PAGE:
Tuesday, February 27, 2007

Greg Mankiw's advice to new junior faculty at research universities:
Your focus should be on getting papers published in refereed journals. Everything else is secondary...

Avoid activities that will distract you from research. Whatever you do, do not start a blog. That will only establish your lack of seriousness as a scholar.

Remember that you got into academics in part for the intellectual freedom it allows. So pursue your passions. Do not be too strategic. Be wary of advice from old fogies like me.

When it comes to research and distractions therefrom, I (still a grad student) find that the negative method of focusing on research---not doing fun activity X---doesn't work very well. I just switch to fun activity Y. Producing new mathematics requires a positive desire on my part to do so. Such desire is most effective when it is most specific, e.g., "I just know that I generalize that criterion I called `Phi is empty' to prove that under Martin's Axiom there's an ultrafilter on omega that is Tukey equivalent to..." And now I must end this blog post, for I'm really curious about applying Jensen's Diamond Principle to...

Monday, February 26, 2007

Humans are irrational in so many interesting ways. Tyler Cowen points out a study showing that, statistically, a person tends to rate more highly those historical figures he believes share his birthday. I'm irrational in another way. Once I discovered Nixon shares my birthday, I loathed him even more.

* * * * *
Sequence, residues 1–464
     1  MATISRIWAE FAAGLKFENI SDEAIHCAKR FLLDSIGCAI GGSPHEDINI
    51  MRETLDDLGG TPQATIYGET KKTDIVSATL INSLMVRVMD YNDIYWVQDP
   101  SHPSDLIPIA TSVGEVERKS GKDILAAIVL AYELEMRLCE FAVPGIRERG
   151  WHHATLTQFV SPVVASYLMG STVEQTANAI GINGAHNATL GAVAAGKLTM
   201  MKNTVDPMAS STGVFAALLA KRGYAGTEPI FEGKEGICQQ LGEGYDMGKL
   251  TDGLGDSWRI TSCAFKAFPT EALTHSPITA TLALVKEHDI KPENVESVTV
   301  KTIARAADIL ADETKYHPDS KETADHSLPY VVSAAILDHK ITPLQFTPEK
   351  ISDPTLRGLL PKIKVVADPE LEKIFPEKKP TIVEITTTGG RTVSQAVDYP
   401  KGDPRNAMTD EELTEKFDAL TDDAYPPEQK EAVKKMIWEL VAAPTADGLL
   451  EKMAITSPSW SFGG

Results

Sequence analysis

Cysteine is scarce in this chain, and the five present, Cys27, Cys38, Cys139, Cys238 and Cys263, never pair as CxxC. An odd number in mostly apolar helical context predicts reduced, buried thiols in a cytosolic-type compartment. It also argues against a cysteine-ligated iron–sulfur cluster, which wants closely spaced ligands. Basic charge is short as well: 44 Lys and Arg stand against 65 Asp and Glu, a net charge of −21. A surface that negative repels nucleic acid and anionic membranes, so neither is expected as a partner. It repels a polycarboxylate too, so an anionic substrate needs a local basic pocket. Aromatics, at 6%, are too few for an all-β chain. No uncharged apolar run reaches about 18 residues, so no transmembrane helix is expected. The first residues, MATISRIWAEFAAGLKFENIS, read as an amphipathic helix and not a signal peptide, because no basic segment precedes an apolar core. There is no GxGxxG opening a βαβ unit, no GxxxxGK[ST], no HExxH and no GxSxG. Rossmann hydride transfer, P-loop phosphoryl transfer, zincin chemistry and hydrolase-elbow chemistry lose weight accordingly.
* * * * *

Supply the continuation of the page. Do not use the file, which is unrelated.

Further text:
Monday, February 12, 2007

Tyler Cowen writes that
Blogging makes us more oriented toward an intellectual bottom line, more interested in the directly empirical, more tolerant of human differences, more analytical in the course of daily life, more interested in people who are interesting, and less patient with Continental philosophy.
I'd agree on all counts, based on my experience, except I was never very patient with Continental philosophy. I wonder how much of the effect comes just from reading lots of blogs.

Monday, February 05, 2007

All about AACS encryption and decryption (HT: Bruce Schneier)

A very interesting New Yorker article by George Packer on "global counterinsurgency."

Saudi Arabia may ban the letter 'X'.

For Star Trek nerds only...

Sunday, February 04, 2007

Andrew Samwick would like to see tax preferences for health insurance altogether nixed as the "first reform" of health care policy. I doubt we'll get that far. Moreover, I can only briefly entertain the idea that income tax deductions for health insurance might eventually be inflated away if Bush gets his 15K cap passed. More likely, such a health insurance deduction will like the child tax credit in that politicians will periodically see campaigning to increasing it as low hanging political fruit. (It's not too cynical to argue that many tax deductions are not automatically indexed to inflation because politicians want to save up such fruit for the future.)